Monday, June 20, 2011

Lightning Photography Tips: Taking Awesome Lightning Photos

Lightning Photography Tips: Taking Awesome Lightning Photos

Lightning photography tips can help you prepare for that perfect storm, and keep your equipment and yourself safe at the same time. In locations all over the world photographers rush out of their homes to snap some reverent shots of mother- nature’s fury when it happens. It’s a dangerous hobby, and can lead to broken equipment, so it’s good to know what’s waiting for you before you go.


A striking image of lightning over land by photographer MaxinAus

Preparing For a Lightning Shoot

If you happen to be in an area when lightning photography tips will come in handy on your travels – then take down some of these key points.

Finding a Safe Location – Photographers getting struck by lightning is rare, but it doesn’t hurt to follow these simple rules. Stand in the open on level ground, and a fair distance from buildings, power lines, fences, trees or on a hill. Lightning is also attracted to water, so steer clear of any rivers or lakes in the area.

Avoiding The Storm – It’s better to photograph lightning from a distance, or in a location where it isn’t raining. Rain can seep into your camera and debris can scratch your lens, both leading to the same thing – you having to buy a new camera. If you have to go out in the rain, use a camera cover, or a simple plastic bag to keep your camera dry.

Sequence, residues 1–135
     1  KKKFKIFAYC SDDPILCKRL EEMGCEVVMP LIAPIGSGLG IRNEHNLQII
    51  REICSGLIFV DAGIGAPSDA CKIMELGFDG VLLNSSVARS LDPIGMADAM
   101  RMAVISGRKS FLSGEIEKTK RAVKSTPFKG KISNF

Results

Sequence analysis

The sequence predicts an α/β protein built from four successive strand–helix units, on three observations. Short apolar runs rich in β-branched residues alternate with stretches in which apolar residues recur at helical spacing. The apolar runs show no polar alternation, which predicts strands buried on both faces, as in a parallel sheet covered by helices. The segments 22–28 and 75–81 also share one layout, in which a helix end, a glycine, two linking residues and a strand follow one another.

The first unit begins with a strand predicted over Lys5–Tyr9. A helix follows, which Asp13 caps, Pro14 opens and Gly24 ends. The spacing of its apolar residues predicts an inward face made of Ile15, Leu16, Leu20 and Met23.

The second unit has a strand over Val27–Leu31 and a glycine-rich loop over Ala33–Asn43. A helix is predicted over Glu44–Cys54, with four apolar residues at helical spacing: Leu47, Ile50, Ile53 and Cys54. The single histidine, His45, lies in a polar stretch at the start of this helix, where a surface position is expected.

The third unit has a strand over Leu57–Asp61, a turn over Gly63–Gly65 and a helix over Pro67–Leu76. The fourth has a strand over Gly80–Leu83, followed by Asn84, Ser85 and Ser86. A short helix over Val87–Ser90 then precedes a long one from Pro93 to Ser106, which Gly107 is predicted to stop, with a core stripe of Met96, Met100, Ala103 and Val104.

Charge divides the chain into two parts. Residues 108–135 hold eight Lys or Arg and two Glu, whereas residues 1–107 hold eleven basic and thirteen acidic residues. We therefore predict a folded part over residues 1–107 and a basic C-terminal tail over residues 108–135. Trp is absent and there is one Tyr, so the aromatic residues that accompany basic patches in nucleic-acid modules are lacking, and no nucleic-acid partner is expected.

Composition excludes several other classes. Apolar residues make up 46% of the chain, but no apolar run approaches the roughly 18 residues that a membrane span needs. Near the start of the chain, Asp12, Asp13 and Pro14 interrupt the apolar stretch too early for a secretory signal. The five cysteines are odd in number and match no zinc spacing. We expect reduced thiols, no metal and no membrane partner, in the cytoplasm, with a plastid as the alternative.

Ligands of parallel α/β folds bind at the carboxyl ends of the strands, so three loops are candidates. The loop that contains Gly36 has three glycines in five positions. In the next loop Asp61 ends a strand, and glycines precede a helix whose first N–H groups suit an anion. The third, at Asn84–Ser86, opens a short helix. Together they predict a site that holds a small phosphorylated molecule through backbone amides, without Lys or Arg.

Bad Weather Composition – If you’re out in the storm and the wind and rain are pelting you, take a few minutes to check that your composition is good, and that you are properly framing your shots. It’s easy to be distracted or overwhelmed by a bad storm, and end up with bad lightning photos.

Keep an Eye on The Weather – If you know a storm is coming, and prepare for a lightning shoot in advance, your chances of taking great photos drastically improve. Lightning photography tips like this one are understated, but they make all the difference, especially in harsh weather conditions.

Taking Excellent Lightning Photos

When you are forced to take photos in a storm, simple processes like tripod set up, and reducing camera shake – become a challenge. Photographers always come up with inventive ways to solve these problems, by keeping a roll of tape around for extra weight or stabilization.